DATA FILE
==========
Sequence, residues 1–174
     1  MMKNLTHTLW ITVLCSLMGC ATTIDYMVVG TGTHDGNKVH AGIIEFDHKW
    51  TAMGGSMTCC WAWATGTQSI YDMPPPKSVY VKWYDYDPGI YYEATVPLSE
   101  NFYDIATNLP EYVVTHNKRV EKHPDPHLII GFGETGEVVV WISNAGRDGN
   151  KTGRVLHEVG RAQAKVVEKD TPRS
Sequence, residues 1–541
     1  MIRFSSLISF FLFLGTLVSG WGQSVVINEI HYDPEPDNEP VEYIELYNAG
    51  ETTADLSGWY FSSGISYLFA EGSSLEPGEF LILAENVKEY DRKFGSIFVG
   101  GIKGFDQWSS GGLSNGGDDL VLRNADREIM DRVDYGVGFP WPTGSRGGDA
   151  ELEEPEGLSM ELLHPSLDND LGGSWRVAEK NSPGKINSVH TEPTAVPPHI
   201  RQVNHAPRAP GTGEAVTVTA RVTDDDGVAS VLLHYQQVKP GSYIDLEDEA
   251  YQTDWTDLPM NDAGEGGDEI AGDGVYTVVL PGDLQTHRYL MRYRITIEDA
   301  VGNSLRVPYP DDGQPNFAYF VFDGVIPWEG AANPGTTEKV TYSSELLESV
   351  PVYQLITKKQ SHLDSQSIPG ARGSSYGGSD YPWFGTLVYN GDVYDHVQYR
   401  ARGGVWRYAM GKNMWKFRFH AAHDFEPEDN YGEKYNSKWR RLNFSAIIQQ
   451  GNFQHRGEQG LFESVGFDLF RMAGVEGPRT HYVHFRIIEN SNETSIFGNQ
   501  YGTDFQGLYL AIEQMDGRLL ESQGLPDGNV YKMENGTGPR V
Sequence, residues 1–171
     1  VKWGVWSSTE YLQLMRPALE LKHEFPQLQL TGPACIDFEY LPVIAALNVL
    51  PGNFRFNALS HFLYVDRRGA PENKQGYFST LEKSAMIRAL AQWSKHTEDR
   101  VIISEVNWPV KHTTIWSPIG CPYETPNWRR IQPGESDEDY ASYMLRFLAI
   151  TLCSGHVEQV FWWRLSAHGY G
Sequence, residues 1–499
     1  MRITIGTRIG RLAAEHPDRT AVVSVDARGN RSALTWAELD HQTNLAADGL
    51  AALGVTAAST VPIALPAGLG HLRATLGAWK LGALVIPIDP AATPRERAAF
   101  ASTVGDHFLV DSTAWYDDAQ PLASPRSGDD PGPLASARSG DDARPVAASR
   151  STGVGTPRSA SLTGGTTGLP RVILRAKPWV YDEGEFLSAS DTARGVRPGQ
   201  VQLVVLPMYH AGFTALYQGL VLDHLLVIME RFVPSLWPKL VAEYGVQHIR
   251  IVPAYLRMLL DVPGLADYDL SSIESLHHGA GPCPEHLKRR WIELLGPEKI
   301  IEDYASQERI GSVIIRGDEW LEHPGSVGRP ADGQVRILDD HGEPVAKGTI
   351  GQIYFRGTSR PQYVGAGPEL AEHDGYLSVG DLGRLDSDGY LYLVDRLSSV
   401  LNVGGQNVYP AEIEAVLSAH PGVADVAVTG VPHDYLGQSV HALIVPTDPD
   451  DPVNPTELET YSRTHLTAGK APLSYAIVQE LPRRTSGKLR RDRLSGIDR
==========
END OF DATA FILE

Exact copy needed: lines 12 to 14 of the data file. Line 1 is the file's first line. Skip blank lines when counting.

   251  YQTDWTDLPM NDAGEGGDEI AGDGVYTVVL PGDLQTHRYL MRYRITIEDA
   301  VGNSLRVPYP DDGQPNFAYF VFDGVIPWEG AANPGTTEKV TYSSELLESV
   351  PVYQLITKKQ SHLDSQSIPG ARGSSYGGSD YPWFGTLVYN GDVYDHVQYR